- Bloom’s Taxonomy (old or new)
- Tomlinson’s Equalizer
- Concept-based Teaching.
1. Most teachers are familiar with Bloom’s Taxonomy as it has been a staple of teacher education programs for over 40 years. Originally designed as a means for identifying the degree of abstraction of questions that are typically asked in educational settings, this hierarchical model of thinking is now widely used to assist in the design of assignments and tasks that address different levels of readiness. Whether using the original version of the Taxonomy or the newer one, it is important to keep in mind that Bloom did not intend for his model to be used as a means for labeling students. That is, we should not consider some students to generally be “knowledge-level learners” while others might be labeled “synthesis and evaluation learners.” Rather, we should keep in mind that there are times when even our most struggling thinkers are capable of thinking at higher levels. Similarly, there are certainly times when our most gifted learners must focus on basic recall of information, or lower-level thinking.
Bloom’s Taxonomy can be applied to almost anything teachers create: for example, discussion questions, homework assignments, items for tests, and projects. The trick in using this thinking structure, as with any instructional tool, is to make sure to offer students adequate and appropriate challenges. This means that we focus on students working at as high a level of thinking as possible given their readiness with regard to the content being studied.
2. Tomlinson’s Equalizer is a tool that asks teachers to consider how to modify lessons and student work across nine different dimensions. These dimensions include:
- Foundational to transformational
- Concrete to abstract
- Simple to complex
- Fewer facets to multi-facets
- Smaller leap to greater leap
- More structured to more open
- Clearly-defined problems to fuzzy problems
- Less independence to greater independence
- Slower pace to quicker pace
(From Carol Ann Tomlinson’s The Differentiated Classroom: Responding to the Needs of All Learners, 1999)Clearly, the great benefit of this tool is that it helps teachers think about ways to differentiate classroom learning across a wide range of student learning differences and needs. Rather than simply asking us to think in terms of “high ability” and “low ability,” it addresses characteristics of learners that might be related as much to learning profile as to readiness. For example, we can certainly modify the amount of independence with which students are asked to work in a given assignment. We can also provide some students with a great deal of openendedness in a given task while others might require a significantly greater degree of structure. In terms of readiness differences, some students may need to work with more concrete and simple resources and ideas while others may be ready to grapple with more abstraction and complexity.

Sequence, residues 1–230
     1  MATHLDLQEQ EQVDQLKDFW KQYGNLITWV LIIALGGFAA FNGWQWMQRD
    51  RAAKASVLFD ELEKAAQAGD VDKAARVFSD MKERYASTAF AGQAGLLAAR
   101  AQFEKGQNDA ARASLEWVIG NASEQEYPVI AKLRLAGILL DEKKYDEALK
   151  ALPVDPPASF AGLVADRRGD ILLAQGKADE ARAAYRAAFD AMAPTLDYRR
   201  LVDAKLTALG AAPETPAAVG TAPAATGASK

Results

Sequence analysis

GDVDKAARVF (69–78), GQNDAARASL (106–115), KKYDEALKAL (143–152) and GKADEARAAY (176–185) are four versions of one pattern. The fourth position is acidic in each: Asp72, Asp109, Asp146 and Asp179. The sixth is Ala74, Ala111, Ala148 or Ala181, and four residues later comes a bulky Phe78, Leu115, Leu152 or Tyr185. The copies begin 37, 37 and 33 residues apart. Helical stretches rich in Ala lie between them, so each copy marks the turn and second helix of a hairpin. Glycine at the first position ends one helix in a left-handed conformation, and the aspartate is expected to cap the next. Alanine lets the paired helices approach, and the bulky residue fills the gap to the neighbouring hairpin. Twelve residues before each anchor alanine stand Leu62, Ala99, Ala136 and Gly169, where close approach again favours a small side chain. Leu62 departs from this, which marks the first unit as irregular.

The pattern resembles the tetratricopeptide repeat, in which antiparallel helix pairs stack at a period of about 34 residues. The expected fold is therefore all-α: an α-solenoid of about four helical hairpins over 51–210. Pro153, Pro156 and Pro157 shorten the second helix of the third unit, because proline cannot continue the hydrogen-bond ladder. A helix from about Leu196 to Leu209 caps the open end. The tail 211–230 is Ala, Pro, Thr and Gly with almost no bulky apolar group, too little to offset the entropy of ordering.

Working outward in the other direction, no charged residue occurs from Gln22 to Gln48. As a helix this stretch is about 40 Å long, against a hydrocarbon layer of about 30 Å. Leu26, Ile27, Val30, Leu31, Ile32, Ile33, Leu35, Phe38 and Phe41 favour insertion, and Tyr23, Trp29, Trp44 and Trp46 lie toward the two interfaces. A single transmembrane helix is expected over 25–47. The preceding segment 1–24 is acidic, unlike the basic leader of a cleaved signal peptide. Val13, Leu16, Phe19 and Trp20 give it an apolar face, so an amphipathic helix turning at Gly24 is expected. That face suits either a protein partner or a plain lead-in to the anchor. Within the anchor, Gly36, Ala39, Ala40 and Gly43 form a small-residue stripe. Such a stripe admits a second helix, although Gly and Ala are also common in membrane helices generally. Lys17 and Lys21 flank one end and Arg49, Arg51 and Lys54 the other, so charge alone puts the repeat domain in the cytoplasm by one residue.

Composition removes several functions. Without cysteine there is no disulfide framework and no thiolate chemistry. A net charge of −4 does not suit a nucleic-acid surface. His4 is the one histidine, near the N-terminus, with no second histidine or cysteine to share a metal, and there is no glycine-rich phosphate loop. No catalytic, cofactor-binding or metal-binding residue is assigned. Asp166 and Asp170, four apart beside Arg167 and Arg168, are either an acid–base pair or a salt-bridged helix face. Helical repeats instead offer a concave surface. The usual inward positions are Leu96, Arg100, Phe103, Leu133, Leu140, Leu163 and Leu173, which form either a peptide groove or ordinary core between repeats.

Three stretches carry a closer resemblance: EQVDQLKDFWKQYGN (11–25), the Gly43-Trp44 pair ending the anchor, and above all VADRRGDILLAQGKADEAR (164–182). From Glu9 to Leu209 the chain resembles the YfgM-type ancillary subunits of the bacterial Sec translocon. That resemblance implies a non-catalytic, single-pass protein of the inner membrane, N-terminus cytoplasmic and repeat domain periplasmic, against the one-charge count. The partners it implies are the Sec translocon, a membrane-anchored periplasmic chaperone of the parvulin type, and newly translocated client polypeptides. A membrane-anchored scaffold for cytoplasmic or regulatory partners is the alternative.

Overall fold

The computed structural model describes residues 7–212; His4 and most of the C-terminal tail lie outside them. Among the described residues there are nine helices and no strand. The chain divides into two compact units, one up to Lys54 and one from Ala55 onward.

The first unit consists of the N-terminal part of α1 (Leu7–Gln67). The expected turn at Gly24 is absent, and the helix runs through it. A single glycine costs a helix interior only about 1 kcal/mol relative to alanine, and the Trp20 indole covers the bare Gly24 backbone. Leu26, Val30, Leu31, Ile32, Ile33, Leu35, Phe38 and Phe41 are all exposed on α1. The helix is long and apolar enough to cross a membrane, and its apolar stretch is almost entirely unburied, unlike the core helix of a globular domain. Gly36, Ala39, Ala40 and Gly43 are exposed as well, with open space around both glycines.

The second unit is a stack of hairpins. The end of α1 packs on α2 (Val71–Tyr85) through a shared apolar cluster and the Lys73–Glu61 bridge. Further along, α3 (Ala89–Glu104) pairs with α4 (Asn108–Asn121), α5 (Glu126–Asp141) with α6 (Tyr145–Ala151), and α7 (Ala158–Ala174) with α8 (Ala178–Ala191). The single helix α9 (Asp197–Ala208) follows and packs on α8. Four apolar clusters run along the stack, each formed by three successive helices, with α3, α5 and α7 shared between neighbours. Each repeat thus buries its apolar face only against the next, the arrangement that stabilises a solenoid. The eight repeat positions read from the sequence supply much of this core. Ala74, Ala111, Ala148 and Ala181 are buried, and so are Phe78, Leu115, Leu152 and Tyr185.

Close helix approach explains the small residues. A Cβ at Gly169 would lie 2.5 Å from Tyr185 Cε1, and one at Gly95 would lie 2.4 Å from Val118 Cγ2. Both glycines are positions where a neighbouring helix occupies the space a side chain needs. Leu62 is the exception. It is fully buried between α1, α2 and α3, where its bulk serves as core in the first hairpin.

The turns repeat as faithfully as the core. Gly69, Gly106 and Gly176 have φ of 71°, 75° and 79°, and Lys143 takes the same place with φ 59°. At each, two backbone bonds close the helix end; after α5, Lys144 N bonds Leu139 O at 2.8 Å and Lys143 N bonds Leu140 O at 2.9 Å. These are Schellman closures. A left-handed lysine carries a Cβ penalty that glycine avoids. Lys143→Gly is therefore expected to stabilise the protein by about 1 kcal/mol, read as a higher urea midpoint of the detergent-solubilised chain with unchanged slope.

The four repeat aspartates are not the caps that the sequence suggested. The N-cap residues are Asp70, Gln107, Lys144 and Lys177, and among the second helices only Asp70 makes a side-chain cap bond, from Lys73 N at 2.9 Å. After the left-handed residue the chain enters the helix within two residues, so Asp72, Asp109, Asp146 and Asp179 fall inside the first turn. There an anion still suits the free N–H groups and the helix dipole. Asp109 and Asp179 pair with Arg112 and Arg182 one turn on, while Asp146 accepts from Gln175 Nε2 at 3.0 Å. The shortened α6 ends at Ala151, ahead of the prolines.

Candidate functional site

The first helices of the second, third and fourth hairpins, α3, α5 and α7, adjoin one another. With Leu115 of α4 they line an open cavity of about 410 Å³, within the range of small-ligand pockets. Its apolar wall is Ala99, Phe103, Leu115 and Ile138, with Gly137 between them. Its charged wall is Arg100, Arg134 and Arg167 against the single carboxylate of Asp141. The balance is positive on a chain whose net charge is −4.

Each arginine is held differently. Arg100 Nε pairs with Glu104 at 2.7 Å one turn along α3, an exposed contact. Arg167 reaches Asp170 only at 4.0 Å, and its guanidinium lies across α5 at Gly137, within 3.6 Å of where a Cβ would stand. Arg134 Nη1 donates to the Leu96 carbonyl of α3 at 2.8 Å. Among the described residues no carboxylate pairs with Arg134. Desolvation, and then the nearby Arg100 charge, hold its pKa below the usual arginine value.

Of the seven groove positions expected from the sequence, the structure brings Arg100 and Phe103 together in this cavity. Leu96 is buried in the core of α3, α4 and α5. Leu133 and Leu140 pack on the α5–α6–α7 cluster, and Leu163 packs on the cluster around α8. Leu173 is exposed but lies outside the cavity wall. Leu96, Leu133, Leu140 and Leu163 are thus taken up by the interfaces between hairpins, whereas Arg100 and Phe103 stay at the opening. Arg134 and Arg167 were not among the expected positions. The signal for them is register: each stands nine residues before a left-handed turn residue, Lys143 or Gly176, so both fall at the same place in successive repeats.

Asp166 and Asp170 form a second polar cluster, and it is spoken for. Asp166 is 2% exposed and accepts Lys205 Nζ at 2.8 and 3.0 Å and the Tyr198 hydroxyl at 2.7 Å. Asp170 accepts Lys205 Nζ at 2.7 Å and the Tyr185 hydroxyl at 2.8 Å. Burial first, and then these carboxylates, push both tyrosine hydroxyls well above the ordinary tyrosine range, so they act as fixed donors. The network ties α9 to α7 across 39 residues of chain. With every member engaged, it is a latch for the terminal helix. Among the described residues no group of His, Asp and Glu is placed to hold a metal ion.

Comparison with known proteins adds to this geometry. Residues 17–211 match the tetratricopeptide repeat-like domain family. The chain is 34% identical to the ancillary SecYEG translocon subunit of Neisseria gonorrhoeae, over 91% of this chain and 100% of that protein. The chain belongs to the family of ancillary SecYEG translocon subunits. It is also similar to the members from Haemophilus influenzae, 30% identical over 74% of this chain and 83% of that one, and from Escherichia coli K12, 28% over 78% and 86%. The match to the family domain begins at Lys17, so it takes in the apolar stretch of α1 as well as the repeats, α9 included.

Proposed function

Tomlinson’s Equalizer works much like the knobs on a sound system’s equalizer. By moving a knob from one end of the sound spectrum to the other, the quality of the music being produced can be modified. Likewise, a teacher using Tomlinson’s Equalizer can move a knob anywhere along a given continuum to meet the needs of students during any given lesson or with a particular task. Tomlinson’s Equalizer reminds us that there are many ways to think about differences in student readiness and there also are many possible approaches to responding to those differences.
3. Concept-based teaching directly addresses two of the dimensions on Tomlinson’s Equalizer – concrete to abstract and simple to complex. During the planning process, it asks teachers to think about the “forest” rather than the “trees.” When using this approach to instructional design, teachers focus on large (perhaps even huge) ideas and the generalizations, or big statements, that can be made about them. For example, a unit in history might become a study of conflict and power rather than simply a march through time. What can be said about the causes and effects of conflict? Why do people seek power? What is the relationship between conflict and power? When we ask students to think about abstract ideas or concepts, we require them to think at a higher level and encourage them to make connections across time and disciplines. In addition to conflict and power, some useful concepts that apply to many subject areas and topics include (and this is just a short list of the many possibilities): change, patterns, exploration, communication, adaptation, systems, interdependence, wants and needs, survival, responsibility, courage, progress, growth, cycles, influence, and equality.
Look for Tools for Differentiating Based on A Student Learning Profile (Groupings, Gardner's Multiple Intelligences) early next week!